While Canadian funders do not currently require researchers to deposit their data, many international funders do and Canada is expected to follow suit shortly.
There are several options for depositing your research data including the SFU Library's Research Data Repository Radar as well as several discipline-specific repositories.
SFU Library's Research Data Repository: Radar
SFU's Research Data Repository Radar houses complete datasets or other research objects created by SFU faculty and graduate students, for preservation, publication, and sharing purposes.
Radar, SFU Library's Research Data Repository currently accepts most:
- tabular data
- document formats.
When data is deposited, it is automatically transformed into a preservation-friendly copy.
Materials can also be immediately made available exactly as they are deposited. SFU Librarians may occasionally review the metadata of deposited files for suitability, but we do not inspect the files themselves prior to deposit, and do not intend to make claims about the veracity of the data itself beyond the intentions of the depositor.
Preservation and indexing of research objects in Radar is provided as a free service to the SFU community, and will be exposed by the library catalogue and be indexed by Google.
As a researcher, you decide whether to restrict access to your data; however, the default setting is to allow public access. The SFU Library requests, at a minimum, that the metadata be public.
Radar is backed by Data Documentation Initiative (DDI) metadata (DDI-C 2.5), which can be crawled or extracted programmatically by external users using OAI-PMH, and is built on the Islandora repository platform.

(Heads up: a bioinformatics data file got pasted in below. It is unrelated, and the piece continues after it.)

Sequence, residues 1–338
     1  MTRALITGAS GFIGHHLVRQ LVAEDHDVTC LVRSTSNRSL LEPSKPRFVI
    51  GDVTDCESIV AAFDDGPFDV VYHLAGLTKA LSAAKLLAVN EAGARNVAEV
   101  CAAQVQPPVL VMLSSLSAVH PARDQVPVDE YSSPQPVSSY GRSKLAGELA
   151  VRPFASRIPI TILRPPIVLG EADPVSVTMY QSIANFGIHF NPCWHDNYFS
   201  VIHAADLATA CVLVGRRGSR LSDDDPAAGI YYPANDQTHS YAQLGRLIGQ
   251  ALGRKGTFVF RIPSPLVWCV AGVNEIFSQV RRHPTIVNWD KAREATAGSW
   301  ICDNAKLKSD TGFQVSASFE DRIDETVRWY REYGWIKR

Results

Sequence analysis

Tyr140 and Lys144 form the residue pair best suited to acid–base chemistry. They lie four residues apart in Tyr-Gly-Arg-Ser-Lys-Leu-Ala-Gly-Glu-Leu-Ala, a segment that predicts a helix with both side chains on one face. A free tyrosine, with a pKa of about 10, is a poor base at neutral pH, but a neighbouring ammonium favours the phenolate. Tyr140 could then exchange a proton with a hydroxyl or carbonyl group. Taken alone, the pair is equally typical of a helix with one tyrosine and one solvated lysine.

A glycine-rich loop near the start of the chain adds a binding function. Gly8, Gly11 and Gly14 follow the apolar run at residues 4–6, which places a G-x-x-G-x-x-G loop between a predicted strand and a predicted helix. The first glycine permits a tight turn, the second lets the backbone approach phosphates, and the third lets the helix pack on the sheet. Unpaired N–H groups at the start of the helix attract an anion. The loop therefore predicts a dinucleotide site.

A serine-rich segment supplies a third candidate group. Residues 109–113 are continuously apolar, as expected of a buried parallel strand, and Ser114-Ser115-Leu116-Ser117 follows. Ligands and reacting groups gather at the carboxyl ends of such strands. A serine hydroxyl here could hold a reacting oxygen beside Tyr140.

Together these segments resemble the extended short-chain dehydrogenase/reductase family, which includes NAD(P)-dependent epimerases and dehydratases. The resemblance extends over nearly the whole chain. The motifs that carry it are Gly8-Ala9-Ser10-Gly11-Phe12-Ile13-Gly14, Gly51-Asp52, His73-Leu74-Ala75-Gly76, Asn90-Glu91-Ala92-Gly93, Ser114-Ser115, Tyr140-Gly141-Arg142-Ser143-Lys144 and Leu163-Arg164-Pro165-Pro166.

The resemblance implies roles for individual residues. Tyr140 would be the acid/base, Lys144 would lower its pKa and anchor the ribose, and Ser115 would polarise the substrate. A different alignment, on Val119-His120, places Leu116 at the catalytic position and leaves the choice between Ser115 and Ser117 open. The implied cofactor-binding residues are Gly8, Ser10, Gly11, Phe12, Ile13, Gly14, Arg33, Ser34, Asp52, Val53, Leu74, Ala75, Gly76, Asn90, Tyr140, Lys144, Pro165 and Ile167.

Radar vs. Summit
Summit is Simon Fraser University's Open Access Repository containing SFU theses, research reports, journal articles, digital images, book chapters and more. Choose Summit when you want to deposit content that is accessible to everyone and is the end product of your research.
Choose Radar when you want to deposit finished research data outputs that are not journal articles, book chapters, research reports, etc. but help inform the publication of these items.
Other popular and trusted data repositories
Depending on the convention for your discipline, you may want to deposit your data in a discipline-specific repository; if required to do so by a grant, it's likely that your data only needs one home, which may not necessarily be at your home institution.
- Preeminent North American Social Science data respository.
- Mostly accepts tabular data formats from the social sciences.
- By comparison to Radar, ICPSR employs a relatively "curation-heavy" model; all deposited files are manually reviewed by curators to check for erroneous values or inconsistent labeling. Accordingly, access to ICPSR is not free, and is instead supported by a subscription model. SFU Library is a member of ICPSR.
- Fee based service ($600 US for self-deposit) ensuring your data will be preserved as-is and available to data users at no cost for a minimum of ten years.
- OpenICPSR also offers premium services for professional curation including data normalization and review.